Transitioning large public parks and playgrounds to organic management presents some challenges, but many resources and strategies exist to support the shift. Councils will need to train groundskeeping teams in organic methods and invest in equipment for practices like mechanical weeding.

The National Trust is a great example of organisations demonstrating the feasibility of eco-friendly landscaping and environmentally friendly alternatives. Their experience can provide valuable guidance, particularly when it comes to implementing renewable energy initiatives. For example, Kingston Lacy in Dorset where renewable power is switching to renewable heating systems to save around 57 tonnes of carbon every year.

Policy changes are also critical to drive the adoption of organic landscaping. Some UK cities like Bristol already have action plans to eliminate pesticide use, aiming to reduce their use by at least 50 per cent by 2030. National and local governments can set organic management targets, transition grants and standards for public green space maintenance.

To incorporate organic landscaping, councils should select native plant species that thrive in the local climate and soil conditions, ensuring they require minimal water and maintenance. Implementing rainwater harvesting systems can also help sustain plant life during dry periods while conserving water resources, and permeable surfaces like gravel or mulch that reduce stormwater runoff and prevent soil erosion.

From Parks to Playground
Image source: Deposit photos

The Triple R approach to landscaping will be critical to creating more organically managed spaces in the UK. This is a simple but very powerful idea that aims to Reduce, Reuse and Recycle materials used in public spaces. Reduce focuses on minimising waste by using products or layouts that require fewer materials and energy to maintain, such as bamboo or cork which are fast-growing and sustainable. Reuse means opting for items that can be repurposed at the end of their life. Lastly, recycling incorporates materials that encourage circularity, such as metal or glass that are infinitely recyclable, removing the need for virgin resources.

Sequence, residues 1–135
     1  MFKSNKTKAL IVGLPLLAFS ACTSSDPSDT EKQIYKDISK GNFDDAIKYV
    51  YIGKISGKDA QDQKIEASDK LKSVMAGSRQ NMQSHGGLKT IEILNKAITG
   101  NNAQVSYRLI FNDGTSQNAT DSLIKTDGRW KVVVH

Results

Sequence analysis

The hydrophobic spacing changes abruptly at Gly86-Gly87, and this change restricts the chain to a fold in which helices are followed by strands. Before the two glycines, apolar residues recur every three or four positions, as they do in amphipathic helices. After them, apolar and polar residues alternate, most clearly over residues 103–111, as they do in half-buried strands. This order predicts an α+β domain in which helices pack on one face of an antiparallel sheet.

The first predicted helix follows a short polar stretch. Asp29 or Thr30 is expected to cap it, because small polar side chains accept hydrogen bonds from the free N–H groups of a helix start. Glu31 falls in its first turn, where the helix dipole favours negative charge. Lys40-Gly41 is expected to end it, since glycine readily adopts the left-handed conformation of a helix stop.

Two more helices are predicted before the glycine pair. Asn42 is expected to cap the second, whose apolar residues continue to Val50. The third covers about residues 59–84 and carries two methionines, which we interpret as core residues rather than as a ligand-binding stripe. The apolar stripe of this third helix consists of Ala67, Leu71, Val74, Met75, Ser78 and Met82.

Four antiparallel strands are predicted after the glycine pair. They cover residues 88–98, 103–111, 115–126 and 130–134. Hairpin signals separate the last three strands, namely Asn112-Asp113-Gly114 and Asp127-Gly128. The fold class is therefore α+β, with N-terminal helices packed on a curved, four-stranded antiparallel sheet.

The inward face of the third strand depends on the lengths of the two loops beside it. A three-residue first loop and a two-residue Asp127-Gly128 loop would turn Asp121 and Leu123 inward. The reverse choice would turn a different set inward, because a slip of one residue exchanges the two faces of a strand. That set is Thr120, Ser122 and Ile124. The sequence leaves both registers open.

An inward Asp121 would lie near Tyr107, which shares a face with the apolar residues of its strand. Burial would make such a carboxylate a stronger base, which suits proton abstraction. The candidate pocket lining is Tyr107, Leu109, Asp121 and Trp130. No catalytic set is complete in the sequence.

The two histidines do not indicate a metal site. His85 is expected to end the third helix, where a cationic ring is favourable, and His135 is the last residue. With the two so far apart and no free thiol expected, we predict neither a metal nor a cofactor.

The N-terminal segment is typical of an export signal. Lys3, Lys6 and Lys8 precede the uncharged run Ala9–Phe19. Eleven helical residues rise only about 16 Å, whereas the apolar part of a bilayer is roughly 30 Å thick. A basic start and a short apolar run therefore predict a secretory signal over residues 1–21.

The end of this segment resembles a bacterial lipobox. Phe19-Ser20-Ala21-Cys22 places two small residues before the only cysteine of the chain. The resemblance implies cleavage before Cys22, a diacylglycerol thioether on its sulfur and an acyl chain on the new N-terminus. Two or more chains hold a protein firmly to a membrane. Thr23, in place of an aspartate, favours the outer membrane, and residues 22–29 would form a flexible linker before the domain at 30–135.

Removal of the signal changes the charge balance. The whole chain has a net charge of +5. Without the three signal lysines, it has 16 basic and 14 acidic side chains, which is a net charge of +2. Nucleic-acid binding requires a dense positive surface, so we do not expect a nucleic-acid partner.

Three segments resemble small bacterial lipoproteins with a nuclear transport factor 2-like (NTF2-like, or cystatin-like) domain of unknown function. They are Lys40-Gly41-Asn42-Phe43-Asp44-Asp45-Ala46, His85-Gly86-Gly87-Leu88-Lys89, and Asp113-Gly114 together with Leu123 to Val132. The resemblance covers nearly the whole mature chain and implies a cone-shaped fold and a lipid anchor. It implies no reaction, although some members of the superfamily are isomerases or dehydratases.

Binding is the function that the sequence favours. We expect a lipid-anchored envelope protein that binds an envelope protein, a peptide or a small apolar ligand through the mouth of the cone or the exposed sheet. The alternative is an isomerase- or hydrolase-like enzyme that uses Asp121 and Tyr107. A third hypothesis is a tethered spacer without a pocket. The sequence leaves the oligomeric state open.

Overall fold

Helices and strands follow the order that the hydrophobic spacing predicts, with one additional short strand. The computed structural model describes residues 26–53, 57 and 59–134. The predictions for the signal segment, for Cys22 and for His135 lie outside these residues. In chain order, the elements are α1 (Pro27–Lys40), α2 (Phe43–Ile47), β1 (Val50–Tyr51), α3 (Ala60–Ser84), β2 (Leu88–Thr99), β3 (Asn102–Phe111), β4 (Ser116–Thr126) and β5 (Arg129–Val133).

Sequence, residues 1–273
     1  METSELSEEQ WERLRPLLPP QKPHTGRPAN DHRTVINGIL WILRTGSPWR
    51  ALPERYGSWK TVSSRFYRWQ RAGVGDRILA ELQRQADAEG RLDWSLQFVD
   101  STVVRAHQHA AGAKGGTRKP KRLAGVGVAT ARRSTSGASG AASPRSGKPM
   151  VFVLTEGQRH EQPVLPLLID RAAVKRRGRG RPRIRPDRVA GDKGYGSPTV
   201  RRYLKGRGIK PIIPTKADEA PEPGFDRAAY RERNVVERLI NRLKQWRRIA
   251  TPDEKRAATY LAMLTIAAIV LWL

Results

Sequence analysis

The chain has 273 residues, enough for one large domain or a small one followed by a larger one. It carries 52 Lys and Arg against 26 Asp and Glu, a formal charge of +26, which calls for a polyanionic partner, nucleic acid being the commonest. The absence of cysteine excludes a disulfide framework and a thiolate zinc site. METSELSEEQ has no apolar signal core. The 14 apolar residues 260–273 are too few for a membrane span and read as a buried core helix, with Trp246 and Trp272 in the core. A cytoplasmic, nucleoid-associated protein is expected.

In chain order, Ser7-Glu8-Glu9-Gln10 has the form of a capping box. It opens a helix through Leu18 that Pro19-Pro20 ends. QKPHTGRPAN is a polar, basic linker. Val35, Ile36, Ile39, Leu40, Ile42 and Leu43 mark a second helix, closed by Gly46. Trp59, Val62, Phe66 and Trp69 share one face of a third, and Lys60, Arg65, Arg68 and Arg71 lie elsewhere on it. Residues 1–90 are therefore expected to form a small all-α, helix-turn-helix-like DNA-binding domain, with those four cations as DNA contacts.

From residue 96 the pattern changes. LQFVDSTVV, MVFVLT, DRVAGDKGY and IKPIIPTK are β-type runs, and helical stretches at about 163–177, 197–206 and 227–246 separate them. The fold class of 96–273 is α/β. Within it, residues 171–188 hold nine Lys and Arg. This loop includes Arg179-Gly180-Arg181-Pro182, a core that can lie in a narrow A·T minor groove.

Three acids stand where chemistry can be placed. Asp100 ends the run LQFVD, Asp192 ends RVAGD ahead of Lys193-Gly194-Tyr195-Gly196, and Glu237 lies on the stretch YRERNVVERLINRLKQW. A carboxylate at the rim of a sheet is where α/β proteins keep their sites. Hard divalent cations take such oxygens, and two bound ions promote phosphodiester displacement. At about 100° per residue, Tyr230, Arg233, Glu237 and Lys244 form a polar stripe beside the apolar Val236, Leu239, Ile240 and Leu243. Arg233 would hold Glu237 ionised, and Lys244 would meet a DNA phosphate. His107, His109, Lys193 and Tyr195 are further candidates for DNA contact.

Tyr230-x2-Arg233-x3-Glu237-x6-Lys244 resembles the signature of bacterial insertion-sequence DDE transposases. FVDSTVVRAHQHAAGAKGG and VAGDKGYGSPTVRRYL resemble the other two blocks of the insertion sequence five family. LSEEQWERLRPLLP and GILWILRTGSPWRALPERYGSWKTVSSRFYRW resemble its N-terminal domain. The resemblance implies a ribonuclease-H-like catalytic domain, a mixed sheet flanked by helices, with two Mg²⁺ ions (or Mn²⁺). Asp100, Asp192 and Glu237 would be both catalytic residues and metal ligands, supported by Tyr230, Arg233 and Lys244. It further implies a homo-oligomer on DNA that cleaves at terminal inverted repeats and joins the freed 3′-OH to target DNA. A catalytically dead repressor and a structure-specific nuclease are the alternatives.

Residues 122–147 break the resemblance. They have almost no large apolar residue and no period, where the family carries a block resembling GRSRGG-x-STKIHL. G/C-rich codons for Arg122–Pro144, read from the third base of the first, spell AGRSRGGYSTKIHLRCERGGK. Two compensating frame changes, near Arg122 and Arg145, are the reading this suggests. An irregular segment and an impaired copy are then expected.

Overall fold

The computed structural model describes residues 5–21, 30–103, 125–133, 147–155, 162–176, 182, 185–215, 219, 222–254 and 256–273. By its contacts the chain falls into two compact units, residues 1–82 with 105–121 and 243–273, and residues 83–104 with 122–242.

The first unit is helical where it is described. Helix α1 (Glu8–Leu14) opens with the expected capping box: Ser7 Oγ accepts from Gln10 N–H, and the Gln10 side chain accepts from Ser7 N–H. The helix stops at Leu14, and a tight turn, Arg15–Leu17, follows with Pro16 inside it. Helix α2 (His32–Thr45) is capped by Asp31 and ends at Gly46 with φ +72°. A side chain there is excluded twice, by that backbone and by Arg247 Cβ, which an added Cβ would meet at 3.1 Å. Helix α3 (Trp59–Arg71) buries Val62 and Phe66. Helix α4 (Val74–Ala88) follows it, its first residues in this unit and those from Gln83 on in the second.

Finally, getting community members invested in organic spaces is key. Organisations like Learning Through Landscapes are bringing kids into parks for hands-on organic gardening and outdoor learning. Such initiatives help build public enthusiasm for chemical-free green spaces, while educating the next generation. With the right strategies and support, a national movement towards organic landscaping of public areas is achievable. The environmental, health and economic rewards will be substantial.

Embracing the Win-Win-Win of Organic Landscaping

The transition to organic landscaping in public spaces presents a win-win-win scenario for the environment, public health and profits. By embracing organic practices, we can foster thriving ecosystems, safeguard human health and ensure responsible spending of public resources. This shift requires collective action though. Local authorities play a crucial role in implementing organic strategies, training groundskeeping teams and promoting community engagement.

The journey towards organic public spaces is not without challenges. However, the potential rewards are immense. It’s time for all stakeholders to join forces and create a greener future, one park and playground at a time. By fostering healthy, vibrant public spaces, we invest in the well-being of our environment, ourselves, and generations to come.

Blog Author: Annie Button